Merchant Navy – the Human Side – Prior to the 'Container Revolution'

Tuesday, September 8, 2015
PAMIR Voyages

By Barry Parsons

The term “Merchant Navy” was first used in Britain when the diverse and competing shipping companies came together for self preservation in convoys during the first World War.  The name subsequently embraced all British shipping except the Royal Navy.  The most important, but least considered, component of the Merchant Navy, are the crews without whose teamwork the ships could not operate.
 
The crew comprises three main departments.  The Deck Department looks after the ship's navigation, stability, cargo handling and care of the open decks and hull.  The Engine Room Department is responsible for all the complex machinery and the various “hotel services”.   The Catering Department are the ship's house-keepers, not unlike hotel management ashore.  The role of women crew members is still mainly restricted to the catering department of passenger-carrying vessels.  Boys serve in the Deck or Catering departments, usually after a course at a pre-sea training school.  They receive further 'training on the job' until their promotion at the age of 18.  

Scrubbing the decks

Although the crews for ships operating in the UK / Australasia trades were engaged in Britain, they frequently included New Zealanders and Australians.  A vacancy might occur “on the coast” as a replacement for someone promoted or transferred to another ship of the same company, or discharged sick or injured, or to replace a deserter – a crewman who had “jumped ship” to seek his fortune in a new country.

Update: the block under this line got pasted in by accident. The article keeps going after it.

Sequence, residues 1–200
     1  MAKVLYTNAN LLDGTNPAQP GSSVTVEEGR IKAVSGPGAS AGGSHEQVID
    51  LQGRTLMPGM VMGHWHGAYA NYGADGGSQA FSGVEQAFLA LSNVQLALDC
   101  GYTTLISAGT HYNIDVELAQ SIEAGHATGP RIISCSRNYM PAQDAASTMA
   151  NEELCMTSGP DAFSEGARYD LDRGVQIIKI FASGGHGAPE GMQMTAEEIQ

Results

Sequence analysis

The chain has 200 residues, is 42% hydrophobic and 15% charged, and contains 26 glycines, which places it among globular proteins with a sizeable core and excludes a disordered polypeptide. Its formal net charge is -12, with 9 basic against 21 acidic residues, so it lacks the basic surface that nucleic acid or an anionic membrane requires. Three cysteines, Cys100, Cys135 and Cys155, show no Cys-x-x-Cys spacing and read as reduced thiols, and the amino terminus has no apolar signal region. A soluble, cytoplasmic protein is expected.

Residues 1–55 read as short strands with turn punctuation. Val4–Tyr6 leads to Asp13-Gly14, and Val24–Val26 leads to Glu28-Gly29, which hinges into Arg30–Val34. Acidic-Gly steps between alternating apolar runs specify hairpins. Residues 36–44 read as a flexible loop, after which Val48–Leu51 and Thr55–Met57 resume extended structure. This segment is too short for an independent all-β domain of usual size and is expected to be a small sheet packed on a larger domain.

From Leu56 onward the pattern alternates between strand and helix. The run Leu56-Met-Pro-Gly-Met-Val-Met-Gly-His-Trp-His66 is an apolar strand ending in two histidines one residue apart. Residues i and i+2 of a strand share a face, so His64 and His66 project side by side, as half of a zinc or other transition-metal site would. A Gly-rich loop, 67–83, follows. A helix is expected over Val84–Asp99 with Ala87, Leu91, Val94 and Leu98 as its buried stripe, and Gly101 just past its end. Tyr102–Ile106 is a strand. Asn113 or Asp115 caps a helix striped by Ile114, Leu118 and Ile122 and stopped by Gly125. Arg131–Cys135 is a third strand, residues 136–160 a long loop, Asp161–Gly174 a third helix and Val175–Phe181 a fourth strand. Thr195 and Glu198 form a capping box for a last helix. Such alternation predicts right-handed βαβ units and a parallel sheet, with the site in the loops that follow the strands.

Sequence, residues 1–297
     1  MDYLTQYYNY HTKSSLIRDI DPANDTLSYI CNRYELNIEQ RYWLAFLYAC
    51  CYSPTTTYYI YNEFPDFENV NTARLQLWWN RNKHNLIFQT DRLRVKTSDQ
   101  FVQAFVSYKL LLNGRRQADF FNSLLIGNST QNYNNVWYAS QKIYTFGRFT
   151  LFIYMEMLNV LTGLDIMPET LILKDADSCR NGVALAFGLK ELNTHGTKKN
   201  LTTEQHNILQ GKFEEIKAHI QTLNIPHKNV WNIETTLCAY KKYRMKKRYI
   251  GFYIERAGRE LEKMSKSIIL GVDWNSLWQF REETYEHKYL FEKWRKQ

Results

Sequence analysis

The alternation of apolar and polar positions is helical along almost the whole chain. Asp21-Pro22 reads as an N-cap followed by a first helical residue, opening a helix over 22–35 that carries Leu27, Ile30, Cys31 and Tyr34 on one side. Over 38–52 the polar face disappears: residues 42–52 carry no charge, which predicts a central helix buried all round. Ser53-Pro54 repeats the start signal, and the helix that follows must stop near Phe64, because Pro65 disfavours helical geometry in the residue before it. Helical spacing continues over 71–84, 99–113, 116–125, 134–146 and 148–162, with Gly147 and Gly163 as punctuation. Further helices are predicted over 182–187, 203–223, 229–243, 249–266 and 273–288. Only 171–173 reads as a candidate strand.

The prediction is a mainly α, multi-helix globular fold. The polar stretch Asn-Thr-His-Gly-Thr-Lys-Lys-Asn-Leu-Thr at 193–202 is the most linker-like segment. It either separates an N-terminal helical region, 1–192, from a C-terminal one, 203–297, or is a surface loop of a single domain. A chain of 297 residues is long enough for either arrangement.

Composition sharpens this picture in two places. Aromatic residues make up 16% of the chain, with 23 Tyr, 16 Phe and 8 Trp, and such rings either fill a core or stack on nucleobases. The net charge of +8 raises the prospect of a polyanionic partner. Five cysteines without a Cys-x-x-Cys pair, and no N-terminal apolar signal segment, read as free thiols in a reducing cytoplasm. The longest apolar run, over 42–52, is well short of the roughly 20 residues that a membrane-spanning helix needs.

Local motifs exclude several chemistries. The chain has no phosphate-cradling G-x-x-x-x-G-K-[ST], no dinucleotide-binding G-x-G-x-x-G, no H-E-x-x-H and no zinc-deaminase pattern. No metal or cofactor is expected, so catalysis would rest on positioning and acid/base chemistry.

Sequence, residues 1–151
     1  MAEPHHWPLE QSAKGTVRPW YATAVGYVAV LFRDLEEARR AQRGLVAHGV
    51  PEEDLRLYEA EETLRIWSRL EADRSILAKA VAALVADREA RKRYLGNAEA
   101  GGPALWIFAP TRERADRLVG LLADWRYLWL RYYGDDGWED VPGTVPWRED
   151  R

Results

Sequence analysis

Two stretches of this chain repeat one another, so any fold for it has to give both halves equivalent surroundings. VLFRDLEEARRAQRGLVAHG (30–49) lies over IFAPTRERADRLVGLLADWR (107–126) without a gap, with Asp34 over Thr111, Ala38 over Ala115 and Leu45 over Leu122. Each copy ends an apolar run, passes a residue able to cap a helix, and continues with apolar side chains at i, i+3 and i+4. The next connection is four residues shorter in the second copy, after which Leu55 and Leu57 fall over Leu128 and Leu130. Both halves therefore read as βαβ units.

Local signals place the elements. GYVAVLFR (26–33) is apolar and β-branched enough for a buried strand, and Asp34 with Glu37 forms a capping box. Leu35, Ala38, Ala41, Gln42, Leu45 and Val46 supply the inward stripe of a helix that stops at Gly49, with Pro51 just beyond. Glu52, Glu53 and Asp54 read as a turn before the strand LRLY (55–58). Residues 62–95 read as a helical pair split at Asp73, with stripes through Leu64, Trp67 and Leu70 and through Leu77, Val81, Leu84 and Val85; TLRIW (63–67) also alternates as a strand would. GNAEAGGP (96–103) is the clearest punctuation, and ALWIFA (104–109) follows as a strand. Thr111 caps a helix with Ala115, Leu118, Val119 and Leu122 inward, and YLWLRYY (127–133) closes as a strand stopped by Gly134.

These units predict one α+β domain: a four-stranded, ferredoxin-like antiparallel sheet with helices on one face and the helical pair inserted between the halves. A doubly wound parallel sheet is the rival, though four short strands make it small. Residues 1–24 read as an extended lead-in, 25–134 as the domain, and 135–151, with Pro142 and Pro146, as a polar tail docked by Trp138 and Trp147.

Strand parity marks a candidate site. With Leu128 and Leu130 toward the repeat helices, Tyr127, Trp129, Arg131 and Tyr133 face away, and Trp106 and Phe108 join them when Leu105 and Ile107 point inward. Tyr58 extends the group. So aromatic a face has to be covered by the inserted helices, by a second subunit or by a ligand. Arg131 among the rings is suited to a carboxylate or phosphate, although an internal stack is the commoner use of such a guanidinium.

The New Zealand Shipping Company welcomed antipodean youngsters for training as potential officers in their cadet ships.  Some of these remained with the Company long enough to become Captains.  Other youths were assisted to travel to Britain for pre-sea training.  

The majority of seamen lived and worked in harmony in their enclosed environmment.  Toleration of others was widespread and many friendships were formed for the duration of a voyage.  However,  the image of a 'happy ship' could be shattered by clashes of personalities.
 
Traditionally the pay and conditions for merchant seamen were very poor and their officers did not fare much better.  Improvements in food and accommodation were made after 1945 but UK wages remained low in comparison with those of most other countries.  Many seamen allocated a portion of their income to be paid to their dependents.  The cost of on-board expenses such as cigarettes, beer (not to boys!) and clothing would be deducted from the seaman's wages, further reducing the amount of spending money available when he stepped ashore.  This enhanced the popularity of “the mish” (Seamen's Mission), especially to younger crew members with less developed financial management skills.   The various missions in ports around the world offered a warm welcome to all seafarers.  They provided refreshments, 'home comforts' and a place to relax as well as showing movies and arranged sporting fixtures.

The good times are those best remembered.  Seafarers made friends, worked as a team with guaranteed employment and were paid for travelling the world.  Their living standards were tolerable and wholesome food was prepared for them (but they enjoyed grumbling about it!).  A frequent comment was “It's a great life if you don't weaken!”.

Photos  - Michael Gifford-Moore's collection of photographs while serving in PAMIR voyages 7 & 8, Wellington to Vancouver.  1940s. Originals in MOWCAS collection